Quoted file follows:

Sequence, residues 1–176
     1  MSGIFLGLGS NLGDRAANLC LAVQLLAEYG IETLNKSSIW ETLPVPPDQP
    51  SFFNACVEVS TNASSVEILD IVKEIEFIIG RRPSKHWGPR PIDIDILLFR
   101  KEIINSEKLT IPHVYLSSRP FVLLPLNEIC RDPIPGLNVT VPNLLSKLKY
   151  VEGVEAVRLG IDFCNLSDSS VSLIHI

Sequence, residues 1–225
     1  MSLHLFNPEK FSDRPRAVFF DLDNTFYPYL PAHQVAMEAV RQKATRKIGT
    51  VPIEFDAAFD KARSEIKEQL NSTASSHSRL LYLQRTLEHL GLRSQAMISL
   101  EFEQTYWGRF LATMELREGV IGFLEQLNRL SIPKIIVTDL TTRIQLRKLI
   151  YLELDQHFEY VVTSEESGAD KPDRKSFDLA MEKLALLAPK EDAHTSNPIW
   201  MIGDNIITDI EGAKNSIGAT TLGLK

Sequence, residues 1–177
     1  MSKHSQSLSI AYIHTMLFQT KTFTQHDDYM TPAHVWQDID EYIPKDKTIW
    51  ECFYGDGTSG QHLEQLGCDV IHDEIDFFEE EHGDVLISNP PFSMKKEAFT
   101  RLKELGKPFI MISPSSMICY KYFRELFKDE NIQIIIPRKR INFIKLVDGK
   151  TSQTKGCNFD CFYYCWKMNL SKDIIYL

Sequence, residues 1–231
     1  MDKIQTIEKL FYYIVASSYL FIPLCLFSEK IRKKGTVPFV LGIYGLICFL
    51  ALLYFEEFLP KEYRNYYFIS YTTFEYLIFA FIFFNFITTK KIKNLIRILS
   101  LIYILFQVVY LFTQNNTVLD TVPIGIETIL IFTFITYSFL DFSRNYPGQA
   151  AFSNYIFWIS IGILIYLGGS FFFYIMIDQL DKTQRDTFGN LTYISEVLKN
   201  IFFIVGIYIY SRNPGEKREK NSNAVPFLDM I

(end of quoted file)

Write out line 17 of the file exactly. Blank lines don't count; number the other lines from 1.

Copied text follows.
Sequence, residues 1–231